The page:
First steps

A handful of private backers are behind investigations into whether Papua New Guinea has feasible resources to underpin future coal mining and coal seam gas industries.
First steps First steps First steps First steps First steps

Published in the June 2013 PNG Report magazine

In many ways coal exploitation ushered in the modern industrial world. The first steam engines needed it as fuel and it remains the most cost-effective fuel for power generation today.

It is telling that Papua New Guinea is one of the most undeveloped countries in the world and does not harness its long-known, jungle-covered surface coal deposits at all.

In a similar vein, it's not surprising that the increasingly coal-scorning, climate change-fearing countries of the world have economies which struggle to compete with coal-ravenous developing nations such as China and India.

Coal industries go further than providing cheap electricity and are essential force multipliers to manufacturing activity around the world.

The higher energy coals, such as hard coking coal, are used to cost-effectively provide the intense heats required for large-scale steelmaking, while coal and the ash from it are ingredients for cement production - with plenty of steel and concrete required for the amount of infrastructure PNG desires.

But any possible coal-related development in PNG remains years away.

The commodity was not even considered when the first mining laws in the country were drafted, although the addition of specific coal-related regulations is part of an ongoing government review of mining laws.

If approved by bureaucrats and later passed in Parliament, the proposed changes will allow for the creation of coal-specific licences and the implementation of a general coal-related framework that is largely modelled on New South Wales' legislation.

The key driver of the need to amend mining laws is Waterford, a PNG-based private company that owns 11 exploration licences in the country that is compiling a comprehensive data library of the country's best-known coal deposits and occurrences.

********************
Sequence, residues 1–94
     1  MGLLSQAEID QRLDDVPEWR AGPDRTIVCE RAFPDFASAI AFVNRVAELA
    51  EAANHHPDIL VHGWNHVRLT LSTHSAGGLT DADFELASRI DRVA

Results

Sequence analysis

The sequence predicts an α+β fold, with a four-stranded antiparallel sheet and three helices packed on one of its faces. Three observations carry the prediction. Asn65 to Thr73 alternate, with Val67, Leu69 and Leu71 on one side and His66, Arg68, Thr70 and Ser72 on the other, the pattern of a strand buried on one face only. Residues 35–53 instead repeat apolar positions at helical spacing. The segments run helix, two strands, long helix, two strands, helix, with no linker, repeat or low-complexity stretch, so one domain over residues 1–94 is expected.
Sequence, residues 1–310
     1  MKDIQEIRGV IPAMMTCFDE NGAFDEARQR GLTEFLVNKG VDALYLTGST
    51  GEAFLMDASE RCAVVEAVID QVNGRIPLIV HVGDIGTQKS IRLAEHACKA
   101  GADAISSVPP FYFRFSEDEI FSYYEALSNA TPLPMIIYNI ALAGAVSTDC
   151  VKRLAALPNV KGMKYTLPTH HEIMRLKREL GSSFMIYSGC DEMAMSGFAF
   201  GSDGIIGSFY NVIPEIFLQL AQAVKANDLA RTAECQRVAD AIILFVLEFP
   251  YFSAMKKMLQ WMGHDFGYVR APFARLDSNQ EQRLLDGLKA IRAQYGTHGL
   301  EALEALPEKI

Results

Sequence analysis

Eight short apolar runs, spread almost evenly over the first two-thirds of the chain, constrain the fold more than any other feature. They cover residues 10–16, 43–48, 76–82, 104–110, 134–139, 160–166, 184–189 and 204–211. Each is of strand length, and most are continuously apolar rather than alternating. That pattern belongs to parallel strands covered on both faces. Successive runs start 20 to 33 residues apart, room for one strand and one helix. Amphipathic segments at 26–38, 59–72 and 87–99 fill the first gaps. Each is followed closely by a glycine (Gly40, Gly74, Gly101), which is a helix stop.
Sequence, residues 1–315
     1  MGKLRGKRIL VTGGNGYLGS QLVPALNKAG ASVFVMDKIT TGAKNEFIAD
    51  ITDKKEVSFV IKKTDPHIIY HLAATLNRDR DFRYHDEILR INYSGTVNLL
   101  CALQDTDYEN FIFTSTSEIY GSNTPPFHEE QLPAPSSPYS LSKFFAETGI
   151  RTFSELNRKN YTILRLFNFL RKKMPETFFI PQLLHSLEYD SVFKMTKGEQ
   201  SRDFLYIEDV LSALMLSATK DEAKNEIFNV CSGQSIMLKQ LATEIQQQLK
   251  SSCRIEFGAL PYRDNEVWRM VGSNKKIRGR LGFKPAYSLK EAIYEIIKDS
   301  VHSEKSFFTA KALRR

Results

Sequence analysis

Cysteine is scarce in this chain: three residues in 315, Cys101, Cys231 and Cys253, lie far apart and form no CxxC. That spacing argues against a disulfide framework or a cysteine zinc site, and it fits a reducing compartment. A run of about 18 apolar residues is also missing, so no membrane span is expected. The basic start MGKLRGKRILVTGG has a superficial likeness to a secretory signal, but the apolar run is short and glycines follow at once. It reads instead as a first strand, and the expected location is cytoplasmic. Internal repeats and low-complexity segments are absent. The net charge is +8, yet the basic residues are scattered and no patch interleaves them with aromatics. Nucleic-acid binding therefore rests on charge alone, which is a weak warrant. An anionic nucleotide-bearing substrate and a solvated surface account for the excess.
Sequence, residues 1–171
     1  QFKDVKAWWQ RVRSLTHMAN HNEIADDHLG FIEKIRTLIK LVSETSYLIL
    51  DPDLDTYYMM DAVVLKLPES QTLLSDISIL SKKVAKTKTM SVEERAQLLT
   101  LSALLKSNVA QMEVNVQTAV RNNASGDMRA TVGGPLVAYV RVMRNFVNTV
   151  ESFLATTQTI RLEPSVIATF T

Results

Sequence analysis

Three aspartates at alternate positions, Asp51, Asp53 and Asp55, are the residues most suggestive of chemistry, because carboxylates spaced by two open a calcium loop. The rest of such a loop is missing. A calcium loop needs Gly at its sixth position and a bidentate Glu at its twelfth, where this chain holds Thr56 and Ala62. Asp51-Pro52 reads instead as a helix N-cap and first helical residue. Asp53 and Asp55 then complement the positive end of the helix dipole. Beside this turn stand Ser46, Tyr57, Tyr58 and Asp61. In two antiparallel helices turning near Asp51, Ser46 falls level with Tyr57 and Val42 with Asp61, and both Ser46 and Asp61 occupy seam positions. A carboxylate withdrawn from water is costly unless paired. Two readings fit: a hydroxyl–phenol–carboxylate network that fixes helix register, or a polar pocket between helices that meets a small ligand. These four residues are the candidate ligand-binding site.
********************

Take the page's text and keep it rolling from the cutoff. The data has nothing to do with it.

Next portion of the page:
Entrepreneur and Waterford chairman Duncan Hardie was previously involved with a similar study over the Gunnedah Basin for the NSW government, which cost $A3 million and took three years to complete.

While the Gunnedah Basin in western NSW has become the new frontier for coal mining in the state, the study specifically led to the creation of coal seam gas player Apollo Gas in which Hardie was one of the founders.

Acquired by Dart Energy in a $145 million deal in 2011, Dart later assessed that Apollo's seven Gunnedah Basin permits contained 12.35 trillion cubic feet of gas of prospective resources.

The huge unconventional gas potential remained unexploited though, as community opposition campaigns ushered in a level of green tape that made any further work too much of a gamble.

In regards to the PNG research, Hardie said the vast dataset for coal was scheduled to be finished in the first quarter of 2014 when this and Waterford's coal potential of PNG study would be handed over to the government.

A lot of it is based on 2D seismic and other petroleum well data, courtesy of various oil and gas companies, along with what Hardie considers is probably the "best collection" of magnetic survey data.

Obtaining the 2D seismic didn't really take off until Waterford signed on to various secrecy and confidentiality agreements over using only the first 1000m from the surface - which makes sense as coal mining and CSG plays beyond those depths are going to be non-commercial while many PNG exploration wells have total depths of at least 3km.

With all the data compiled, Hardie said it wasn't rocket science to overlay that with where the reported surface outcrops were.